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I ran the following command in a parametrized version of a script:

Script1 as

Nooffiles=`find $1 -mmin $2 -type f -name "$3"|wc -l`
if test $Nooffiles -eq 0
exit 1
echo "Successful"
find $1 -mmin $2 -type f -name "$3" -exec mv '{}' $4 \;

The script1 works fine. It moves the files from $1 directory to $4. But after it moves the files to the new directory, I have to run another script like this:

Script2 as

for name in `find $1 -type f -name "$2"`
filename=`ls $name|xargs -n1 basename`
line=`tail -1 $filename | sed "s/Z/Z|$filename/"`
echo $line >> $3;
echo $filename | xargs -n1 basename;

Here, script2 is reading from the directory where the files were moved to by the previous script, script1. They exists there in that directory since the previous moving script worked fine. 'ls' command displays them. But the above script2 says:

File.txt: No such file or directory

Despite ls shows them in the directory, I am getting an error message like this.

Please Help.

share|improve this question
Are you reading the files from the correct directory? Are you missing any slashes? –  cppcoder Dec 16 '11 at 10:59
Have you tried the -depth option of find? –  fge Dec 16 '11 at 11:08
I am even able to see the outputs of the moved files from the new directory using cat command. 'ls' also works. Yet script2 says, they don't exist. By the way, what is -depth option? –  Ashish Dec 16 '11 at 11:24
The -depth option tells find to go "depth first". It will for instance find a/b then a instead of a then a/b. For instance, to delete CVS directories, you use find -depth -type d -name CVS -exec rm -rf {} \;: if you do not use -depth you will get warnings about CVS: no such file or directory. –  fge Dec 16 '11 at 11:29
Even with -depth option, it is not working. Script2 works on any file that I have made in that directory manually using cat command, but doesn't work on files moved from another directory by using Script1 –  Ashish Dec 16 '11 at 14:14

1 Answer 1

Your script really is a mess and please be aware that you should NEVER parse filenames (like the output from ls, or find without -print0 option). See Bash Pitfalls #1.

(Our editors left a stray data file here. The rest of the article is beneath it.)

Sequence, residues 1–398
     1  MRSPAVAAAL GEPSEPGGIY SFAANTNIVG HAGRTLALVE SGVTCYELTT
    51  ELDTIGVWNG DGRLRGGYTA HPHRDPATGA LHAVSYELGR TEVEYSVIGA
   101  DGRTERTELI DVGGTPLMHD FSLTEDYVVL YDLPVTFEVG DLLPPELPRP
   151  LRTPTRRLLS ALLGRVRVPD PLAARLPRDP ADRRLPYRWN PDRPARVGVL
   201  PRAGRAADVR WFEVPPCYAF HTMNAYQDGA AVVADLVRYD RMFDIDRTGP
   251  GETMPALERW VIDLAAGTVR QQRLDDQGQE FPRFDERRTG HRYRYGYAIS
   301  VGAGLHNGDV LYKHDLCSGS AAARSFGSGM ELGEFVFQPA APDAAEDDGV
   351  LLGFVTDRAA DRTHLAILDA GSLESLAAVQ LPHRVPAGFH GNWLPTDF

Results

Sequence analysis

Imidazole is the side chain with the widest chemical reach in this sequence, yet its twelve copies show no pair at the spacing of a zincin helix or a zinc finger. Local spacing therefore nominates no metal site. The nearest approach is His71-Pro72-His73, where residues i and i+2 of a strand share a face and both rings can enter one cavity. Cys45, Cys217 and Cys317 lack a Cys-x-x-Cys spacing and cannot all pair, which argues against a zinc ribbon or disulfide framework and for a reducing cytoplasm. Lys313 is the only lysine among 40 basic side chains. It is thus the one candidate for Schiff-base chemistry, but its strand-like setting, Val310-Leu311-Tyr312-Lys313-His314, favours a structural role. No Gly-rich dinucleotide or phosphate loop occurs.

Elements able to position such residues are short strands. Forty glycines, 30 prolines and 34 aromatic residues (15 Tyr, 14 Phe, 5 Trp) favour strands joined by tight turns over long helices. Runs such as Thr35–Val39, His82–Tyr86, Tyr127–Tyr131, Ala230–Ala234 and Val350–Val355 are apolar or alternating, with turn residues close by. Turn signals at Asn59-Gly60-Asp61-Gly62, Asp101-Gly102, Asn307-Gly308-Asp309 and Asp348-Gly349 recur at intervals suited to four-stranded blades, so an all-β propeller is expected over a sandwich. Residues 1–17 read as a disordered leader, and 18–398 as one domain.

Apart from that, I think the problem is that in your loop, you truncate the filenames output from find with basename, but then call tail with the base filename as argument, where the file really isn't located in the current folder.

I don't understand what you are doing there, but this is some more correct code that perhaps does next to what you want:

find "$1" -type f -name "$2" -print0 | while read -d '' name
    filename=`basename "$name"`
    tail -1 "$name" | sed "s/Z/Z|$filename/" >> "$3"
    echo "$filename"

But still, there are pitfalls in this script. It is likely to fail with queer filenames input from find. For example, if your filename contains characters that are special to sed. Or if at some point $filename is --help etc.etc.etc.

share|improve this answer
In script1, I move files from a directory to another if there is atleast 1 file in that directory(based on some conditions). For script2, every file in the directory read by script1 from where files are moved to another directory, has a special property that it contains jumbled data, but the last line is like 'Z|1|23|||||', i.e, Z|number|number||||(a set of | symbols follows). The last line is important, previous lines are not. I want to extract the last line of all files recursively, change it to 'Z|filename|number|number|||||||' and merge all into one file. –  Ashish Dec 19 '11 at 13:00
I am not sure if the problem is with script1 or 2, but somehow they are not working sequentially, i.e. run script1 then script2. –  Ashish Dec 19 '11 at 13:02

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